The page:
Epinephrine Dosing Use during Extracorporeal Cardiopulmonary Resuscitation: Single-Center Retrospective Cohort

Nicholas M. Kucher, Alexandra M. Marquez, Anne Marie Guerguerian, Michael Alice Moga, Mariella Vargas-Gutierrez, Mark Todd, Osami Honjo, Christoph Haller, Geraldine Goco, Alejandro A. Floh

Research output: Contribution to journalArticlepeer-review

4 Scopus citations

Abstract

OBJECTIVES: During pediatric cardiac arrest, contemporary guidelines recommend dosing epinephrine at regular intervals, including in patients requiring extracorporeal membrane oxygenation (ECMO). The impact of epinephrine-induced vasoconstriction on systemic afterload and venoarterial ECMO support is not well-defined. DESIGN: Nested retrospective observational study within a single center. The primary exposure was time from last dose of epinephrine to initiation of ECMO flow; secondary exposures included cumulative epinephrine dose and arrest time. Systemic afterload was assessed by mean arterial pressure and use of systemic vasodilator therapy; ECMO pump flow and Vasoactive-Inotrope Score (VIS) were used as measures of ECMO support. Clearance of lactate was followed post-cannulation as a marker of systemic perfusion. SETTING: PICU and cardiac ICU in a quaternary-care center. PATIENTS: Patients 0-18 years old who required ECMO cannulation during resuscitation over the 6 years, 2014-2020. Patients were excluded if ECMO was initiated before cardiac arrest or if the resuscitation record was incomplete. INTERVENTIONS: None. MEASUREMENTS AND MAIN RESULTS: A total of 92 events in 87 patients, with 69 events having complete data for analysis. The median (interquartile range) of total epinephrine dosing was 65 mcg/kg (37-101 mcg/kg), with the last dose given 6 minutes (2-16 min) before the initiation of ECMO flows. Shorter interval between last epinephrine dose and ECMO initiation was associated with increased use of vasodilators within 6 hours of ECMO (p = 0.05), but not with mean arterial pressure after 1 hour of support (estimate, -0.34; p = 0.06). No other associations were identified between epinephrine delivery and mean arterial blood pressure, vasodilator use, pump speed, VIS, or lactate clearance. CONCLUSIONS: There is limited evidence to support the idea that regular dosing of epinephrine during cardiac arrest is associated with increased in afterload after ECMO cannulation. Additional studies are needed to validate findings against ECMO flows and clinically relevant outcomes.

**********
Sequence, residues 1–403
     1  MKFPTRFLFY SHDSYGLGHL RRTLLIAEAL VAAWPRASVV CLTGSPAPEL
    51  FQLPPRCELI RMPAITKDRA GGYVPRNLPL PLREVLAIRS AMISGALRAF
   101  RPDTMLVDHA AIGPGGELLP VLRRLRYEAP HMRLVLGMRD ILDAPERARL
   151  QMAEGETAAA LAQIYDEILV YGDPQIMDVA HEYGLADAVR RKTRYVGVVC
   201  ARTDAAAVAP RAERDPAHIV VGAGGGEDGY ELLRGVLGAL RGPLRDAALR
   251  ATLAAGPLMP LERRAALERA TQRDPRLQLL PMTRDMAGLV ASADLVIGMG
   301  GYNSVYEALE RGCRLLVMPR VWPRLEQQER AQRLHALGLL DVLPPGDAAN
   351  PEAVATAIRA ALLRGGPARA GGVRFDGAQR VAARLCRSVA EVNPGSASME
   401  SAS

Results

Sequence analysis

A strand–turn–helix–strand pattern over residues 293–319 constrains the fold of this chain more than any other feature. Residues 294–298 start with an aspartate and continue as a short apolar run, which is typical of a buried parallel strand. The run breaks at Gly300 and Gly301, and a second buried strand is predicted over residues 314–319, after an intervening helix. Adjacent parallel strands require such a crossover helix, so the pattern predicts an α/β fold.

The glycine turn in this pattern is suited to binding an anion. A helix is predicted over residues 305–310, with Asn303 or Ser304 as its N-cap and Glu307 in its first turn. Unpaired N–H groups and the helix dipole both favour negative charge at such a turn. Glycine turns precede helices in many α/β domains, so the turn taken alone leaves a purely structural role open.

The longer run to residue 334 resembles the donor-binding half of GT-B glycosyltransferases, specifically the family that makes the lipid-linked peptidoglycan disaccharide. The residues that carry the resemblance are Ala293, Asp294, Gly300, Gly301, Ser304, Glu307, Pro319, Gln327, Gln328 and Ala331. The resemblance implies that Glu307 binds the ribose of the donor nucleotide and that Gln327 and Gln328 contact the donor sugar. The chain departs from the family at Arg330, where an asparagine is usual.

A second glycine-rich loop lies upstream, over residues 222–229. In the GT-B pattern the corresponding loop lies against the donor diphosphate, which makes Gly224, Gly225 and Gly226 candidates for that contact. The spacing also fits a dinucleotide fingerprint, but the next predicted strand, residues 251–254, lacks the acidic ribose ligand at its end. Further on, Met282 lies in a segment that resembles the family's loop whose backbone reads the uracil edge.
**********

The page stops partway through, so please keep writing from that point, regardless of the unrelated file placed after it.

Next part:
Original languageEnglish (US)
Pages (from-to)E531-E539
JournalPediatric Critical Care Medicine
Volume24
Issue number11
DOIs
StatePublished - Nov 1 2023
Externally publishedYes

Bibliographical note

Publisher Copyright:
© 2023 Lippincott Williams and Wilkins. All rights reserved.

Keywords

  • cardiac arrest
  • cardiopulmonary resuscitation
  • epinephrine
  • extracorporeal life support
  • extracorporeal membrane oxygenation treatment
  • pediatric intensive care units

PubMed: MeSH publication types

  • Observational Study
  • Journal Article
  • Research Support, Non-U.S. Gov't

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